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Photo courtesy of TIFF

Interview: Dieudo Hamadi on His Heartbreaking Documentary "Downstream to Kinshasa"

The Congolese director talks about bearing witness to a community's fight for justice.

Downstream to Kinshasa opens with the Troupe les zombies de Kisangi – a theatrical performing troupe made up of survivors of the Six-Day War – singing the refrain. It frames the rest of the documentary film, which follows the group as they travel to Kinshasa, the capital of the DRC, to demand compensation for their injuries.

The first problem is, the Six-Day War took place two decades ago. In June 2000, the small city of Kisangani became embroiled in what is now called the Second Congo War. Forces from Rwanda and Uganda fought on the streets of the city, killing many of its inhabitants, and leaving many of the others maimed and disabled in various ways, along with a city in ruins. Despite constant contact with officials, the group of survivors are stonewalled at every turn.

As a point of fact, the United Nation's International Court of Justice or ICJ found Uganda guilty of its involvement in the conflict, and awarded up to $10 billion in compensation, a good chunk of it destined for the survivors. However, despite the DRC government's requests for the funds from Uganda, nothing has been paid to date.

With prostheses breaking down, and challenges in leading even ordinary everyday lives, the group decides to make one last bold bid for justice and travel down the Congo River to Kinshasa en masse to confront government officials directly.

Filmmaker Dieudo Hamadi was born in Kisangani, and he was 15 years old when the conflict took place in his city. Dieudo studied medicine for three years before moving into filmmaking.

Photo courtesy of TIFF

"I started to make movies ten years ago. Documentaries seemed to be the easiest way to tell stories."

The film includes snippets of the troupe's theatrical performances along with the documentary footage of their trip down the Congo River to Kinshasa, which took place in 2018.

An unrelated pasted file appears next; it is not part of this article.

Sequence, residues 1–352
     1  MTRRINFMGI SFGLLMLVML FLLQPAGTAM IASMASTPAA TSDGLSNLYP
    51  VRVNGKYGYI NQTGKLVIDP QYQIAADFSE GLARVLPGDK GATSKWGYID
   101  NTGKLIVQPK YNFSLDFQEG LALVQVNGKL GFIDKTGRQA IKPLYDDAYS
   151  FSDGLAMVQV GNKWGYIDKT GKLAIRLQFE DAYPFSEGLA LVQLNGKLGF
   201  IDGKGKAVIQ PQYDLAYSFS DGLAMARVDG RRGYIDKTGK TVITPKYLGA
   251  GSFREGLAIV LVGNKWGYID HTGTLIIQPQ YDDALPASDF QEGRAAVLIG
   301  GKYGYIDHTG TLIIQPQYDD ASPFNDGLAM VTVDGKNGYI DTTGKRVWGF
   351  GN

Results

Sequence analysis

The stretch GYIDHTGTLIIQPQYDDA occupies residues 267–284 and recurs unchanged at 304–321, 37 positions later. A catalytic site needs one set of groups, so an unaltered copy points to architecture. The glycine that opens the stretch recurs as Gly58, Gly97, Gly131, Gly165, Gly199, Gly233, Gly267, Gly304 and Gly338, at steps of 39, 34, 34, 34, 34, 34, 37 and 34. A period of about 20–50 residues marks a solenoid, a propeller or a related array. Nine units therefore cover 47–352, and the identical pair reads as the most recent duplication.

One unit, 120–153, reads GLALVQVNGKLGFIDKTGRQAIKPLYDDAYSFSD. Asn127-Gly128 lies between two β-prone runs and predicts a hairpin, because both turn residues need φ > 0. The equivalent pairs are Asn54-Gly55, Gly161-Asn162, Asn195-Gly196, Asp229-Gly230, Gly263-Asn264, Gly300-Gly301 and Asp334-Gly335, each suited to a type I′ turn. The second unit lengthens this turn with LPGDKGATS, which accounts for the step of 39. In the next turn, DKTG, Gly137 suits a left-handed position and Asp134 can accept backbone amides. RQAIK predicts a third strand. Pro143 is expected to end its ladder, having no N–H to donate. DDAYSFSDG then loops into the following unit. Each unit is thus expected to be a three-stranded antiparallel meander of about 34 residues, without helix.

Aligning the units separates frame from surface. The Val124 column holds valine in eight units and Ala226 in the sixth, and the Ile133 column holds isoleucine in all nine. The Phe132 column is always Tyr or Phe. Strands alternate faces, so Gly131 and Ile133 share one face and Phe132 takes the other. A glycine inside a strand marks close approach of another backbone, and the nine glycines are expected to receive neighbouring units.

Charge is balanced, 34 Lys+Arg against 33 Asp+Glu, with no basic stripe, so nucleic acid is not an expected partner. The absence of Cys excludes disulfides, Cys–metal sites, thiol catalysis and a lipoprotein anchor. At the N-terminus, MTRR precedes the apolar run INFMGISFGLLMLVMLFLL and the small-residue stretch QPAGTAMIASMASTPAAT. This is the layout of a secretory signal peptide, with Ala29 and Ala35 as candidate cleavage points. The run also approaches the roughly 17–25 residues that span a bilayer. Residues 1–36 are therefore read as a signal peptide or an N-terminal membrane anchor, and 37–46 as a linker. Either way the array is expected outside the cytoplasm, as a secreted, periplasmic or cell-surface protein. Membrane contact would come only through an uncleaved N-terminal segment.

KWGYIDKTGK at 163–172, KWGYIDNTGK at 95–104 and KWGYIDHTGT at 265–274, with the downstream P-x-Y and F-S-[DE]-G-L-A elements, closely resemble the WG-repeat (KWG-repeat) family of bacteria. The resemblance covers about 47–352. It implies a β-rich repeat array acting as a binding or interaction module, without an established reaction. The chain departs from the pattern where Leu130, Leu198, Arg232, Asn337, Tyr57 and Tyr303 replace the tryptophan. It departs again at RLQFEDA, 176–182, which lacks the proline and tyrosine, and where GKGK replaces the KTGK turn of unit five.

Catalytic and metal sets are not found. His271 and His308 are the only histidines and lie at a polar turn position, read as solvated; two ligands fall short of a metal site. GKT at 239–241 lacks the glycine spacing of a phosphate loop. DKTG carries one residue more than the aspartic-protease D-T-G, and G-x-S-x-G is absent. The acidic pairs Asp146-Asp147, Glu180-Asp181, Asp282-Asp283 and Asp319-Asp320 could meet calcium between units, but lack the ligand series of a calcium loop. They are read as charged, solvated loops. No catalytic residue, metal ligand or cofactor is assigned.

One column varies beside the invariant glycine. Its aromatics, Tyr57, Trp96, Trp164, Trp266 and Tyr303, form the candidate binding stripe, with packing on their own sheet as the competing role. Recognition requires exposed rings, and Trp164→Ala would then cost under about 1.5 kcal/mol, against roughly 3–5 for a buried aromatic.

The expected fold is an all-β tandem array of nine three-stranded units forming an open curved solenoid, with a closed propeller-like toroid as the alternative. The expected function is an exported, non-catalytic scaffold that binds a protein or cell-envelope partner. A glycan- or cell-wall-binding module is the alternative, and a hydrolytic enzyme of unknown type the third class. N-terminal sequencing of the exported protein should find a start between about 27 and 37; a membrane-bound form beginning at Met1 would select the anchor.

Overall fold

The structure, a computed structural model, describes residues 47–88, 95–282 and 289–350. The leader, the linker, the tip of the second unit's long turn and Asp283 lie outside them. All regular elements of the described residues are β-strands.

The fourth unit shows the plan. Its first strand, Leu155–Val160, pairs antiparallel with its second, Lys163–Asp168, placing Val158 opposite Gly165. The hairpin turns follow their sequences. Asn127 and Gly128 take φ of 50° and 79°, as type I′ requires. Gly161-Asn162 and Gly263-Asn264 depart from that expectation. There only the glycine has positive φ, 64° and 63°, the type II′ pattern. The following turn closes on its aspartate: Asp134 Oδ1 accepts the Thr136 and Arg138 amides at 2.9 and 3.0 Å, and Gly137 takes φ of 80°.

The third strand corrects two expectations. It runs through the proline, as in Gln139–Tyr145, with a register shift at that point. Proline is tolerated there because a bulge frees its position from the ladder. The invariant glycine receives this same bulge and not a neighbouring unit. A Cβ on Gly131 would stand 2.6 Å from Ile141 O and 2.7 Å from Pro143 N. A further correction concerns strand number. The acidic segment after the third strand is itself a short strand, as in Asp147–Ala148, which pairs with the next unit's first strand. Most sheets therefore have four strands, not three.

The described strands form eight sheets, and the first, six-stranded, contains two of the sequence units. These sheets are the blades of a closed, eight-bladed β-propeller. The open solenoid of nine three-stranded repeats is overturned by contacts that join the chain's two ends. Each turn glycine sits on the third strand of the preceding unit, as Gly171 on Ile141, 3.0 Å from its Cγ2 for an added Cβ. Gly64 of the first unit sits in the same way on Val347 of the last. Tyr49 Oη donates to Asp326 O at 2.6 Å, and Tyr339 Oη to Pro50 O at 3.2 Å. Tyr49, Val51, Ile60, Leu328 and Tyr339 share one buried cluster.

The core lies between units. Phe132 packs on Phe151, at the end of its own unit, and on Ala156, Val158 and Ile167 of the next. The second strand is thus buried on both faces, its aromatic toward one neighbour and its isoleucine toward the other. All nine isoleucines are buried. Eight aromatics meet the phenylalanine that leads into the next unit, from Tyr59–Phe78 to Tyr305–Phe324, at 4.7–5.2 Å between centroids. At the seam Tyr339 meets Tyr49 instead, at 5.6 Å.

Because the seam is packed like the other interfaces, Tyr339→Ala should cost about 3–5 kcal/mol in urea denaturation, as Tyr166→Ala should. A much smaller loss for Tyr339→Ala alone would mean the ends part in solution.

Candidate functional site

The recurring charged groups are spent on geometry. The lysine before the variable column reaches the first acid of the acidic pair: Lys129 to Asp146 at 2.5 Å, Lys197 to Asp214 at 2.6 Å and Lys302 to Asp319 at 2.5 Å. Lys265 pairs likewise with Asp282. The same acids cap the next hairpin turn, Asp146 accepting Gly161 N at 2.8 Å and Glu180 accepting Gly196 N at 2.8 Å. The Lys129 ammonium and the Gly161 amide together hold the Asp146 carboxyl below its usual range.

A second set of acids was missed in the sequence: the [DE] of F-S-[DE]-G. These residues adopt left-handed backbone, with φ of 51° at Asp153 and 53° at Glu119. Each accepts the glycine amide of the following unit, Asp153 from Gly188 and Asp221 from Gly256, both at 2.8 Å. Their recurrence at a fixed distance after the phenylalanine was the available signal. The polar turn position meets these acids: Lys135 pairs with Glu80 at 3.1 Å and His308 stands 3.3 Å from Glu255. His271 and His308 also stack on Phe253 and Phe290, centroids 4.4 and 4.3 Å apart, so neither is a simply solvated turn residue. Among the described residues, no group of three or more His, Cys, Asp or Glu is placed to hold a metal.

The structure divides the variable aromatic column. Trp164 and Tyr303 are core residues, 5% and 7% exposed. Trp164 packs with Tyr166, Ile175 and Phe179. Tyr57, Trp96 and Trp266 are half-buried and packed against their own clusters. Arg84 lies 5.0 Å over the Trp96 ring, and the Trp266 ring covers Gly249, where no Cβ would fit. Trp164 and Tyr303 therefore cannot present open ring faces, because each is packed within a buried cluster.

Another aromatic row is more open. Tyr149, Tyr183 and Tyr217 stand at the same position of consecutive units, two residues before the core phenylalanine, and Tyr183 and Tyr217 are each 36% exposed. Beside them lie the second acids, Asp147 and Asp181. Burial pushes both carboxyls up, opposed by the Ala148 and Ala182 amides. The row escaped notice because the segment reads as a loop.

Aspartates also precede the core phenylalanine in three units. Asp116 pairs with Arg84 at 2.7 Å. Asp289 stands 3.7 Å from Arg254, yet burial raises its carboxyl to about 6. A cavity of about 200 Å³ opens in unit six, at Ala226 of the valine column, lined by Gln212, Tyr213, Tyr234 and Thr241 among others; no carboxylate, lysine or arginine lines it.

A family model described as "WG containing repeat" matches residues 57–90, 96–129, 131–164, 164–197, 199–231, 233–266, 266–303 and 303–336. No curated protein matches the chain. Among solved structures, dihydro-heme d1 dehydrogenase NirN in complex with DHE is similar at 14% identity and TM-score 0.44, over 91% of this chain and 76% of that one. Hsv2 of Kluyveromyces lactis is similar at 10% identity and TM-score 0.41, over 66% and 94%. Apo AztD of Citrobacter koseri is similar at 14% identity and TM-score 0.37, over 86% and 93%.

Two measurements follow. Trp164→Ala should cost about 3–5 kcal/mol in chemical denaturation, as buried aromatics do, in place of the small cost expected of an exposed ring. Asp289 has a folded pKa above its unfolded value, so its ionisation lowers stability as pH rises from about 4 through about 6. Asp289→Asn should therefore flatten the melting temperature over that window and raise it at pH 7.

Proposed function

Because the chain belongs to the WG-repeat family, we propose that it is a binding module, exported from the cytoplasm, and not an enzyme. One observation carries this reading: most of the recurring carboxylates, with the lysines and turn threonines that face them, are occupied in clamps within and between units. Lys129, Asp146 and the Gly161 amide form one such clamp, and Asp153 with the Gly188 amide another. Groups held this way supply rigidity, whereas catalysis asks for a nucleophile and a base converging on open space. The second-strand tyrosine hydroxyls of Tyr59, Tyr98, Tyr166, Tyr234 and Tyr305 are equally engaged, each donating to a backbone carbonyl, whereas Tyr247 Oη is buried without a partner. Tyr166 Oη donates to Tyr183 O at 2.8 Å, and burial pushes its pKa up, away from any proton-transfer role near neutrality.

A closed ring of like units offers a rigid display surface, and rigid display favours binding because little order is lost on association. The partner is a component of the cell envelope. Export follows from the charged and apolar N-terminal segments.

"At first, I wanted to see what would be the resolution of their quest," he said. As filming progressed, though, his focus shifted away from the question of whether there would be a happy or sad outcome. "It was more on how far they were willing to go in their quest for reparations."

What emerges from the film, overwhelmingly, is the resilience of the people who were left maimed by the war, and then forgotten by their own government. Hamadi speaks of their courage and dignity, and while it wasn't his specific goal, the movie also makes a strong testament for the rights of the disabled. Many of the survivors speak of being rejected even by their own family members as a burden.

"It was not intentionally about disabled people," he says. "That was a product of their situation."

Still, the scenes from the film are strong and unforgettable, including one where Mama Kashinde – a woman left without legs, and only small stumps for arms – leads the group in a song, dancing on a tabletop.

Personalities come through the experience, and in the close quarters of the riverboat, there are arguments and the inevitable complaints about the food. Despite setbacks, which include a collision with another boat, they reach the capital city and begin a campaign of civil disobedience when they can't get a regular audience with government officials.

No matter what their bickering or divisions, music, dance, and theatrical performances bring the group together in common ground, and give them a means of telling their stories.

"[It's] a little naive, in my point of view," Hamadi says of their 20-year old claims for compensation. It was the people themselves who captivated his interest. "[It's about] the people of Congo and their thirst for justice."

Hamadi's filmography includes Examen d'état (2014), a documentary about the school system, which also played at TIFF that year, Kinshasa Makambo (2018), about political activism, and Atalaku (2013) which looked at elections in his country. Downstream to Kinshasa was the first Congolese film in Cannes' Official Selection.